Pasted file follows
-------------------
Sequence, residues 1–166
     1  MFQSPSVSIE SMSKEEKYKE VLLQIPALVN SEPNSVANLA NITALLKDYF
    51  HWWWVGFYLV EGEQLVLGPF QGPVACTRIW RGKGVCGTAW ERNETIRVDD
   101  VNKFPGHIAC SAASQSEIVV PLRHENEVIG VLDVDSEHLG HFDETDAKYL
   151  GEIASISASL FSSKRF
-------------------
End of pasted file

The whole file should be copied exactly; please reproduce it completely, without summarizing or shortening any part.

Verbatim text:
Sequence, residues 1–166
     1  MFQSPSVSIE SMSKEEKYKE VLLQIPALVN SEPNSVANLA NITALLKDYF
    51  HWWWVGFYLV EGEQLVLGPF QGPVACTRIW RGKGVCGTAW ERNETIRVDD
   101  VNKFPGHIAC SAASQSEIVV PLRHENEVIG VLDVDSEHLG HFDETDAKYL
   151  GEIASISASL FSSKRF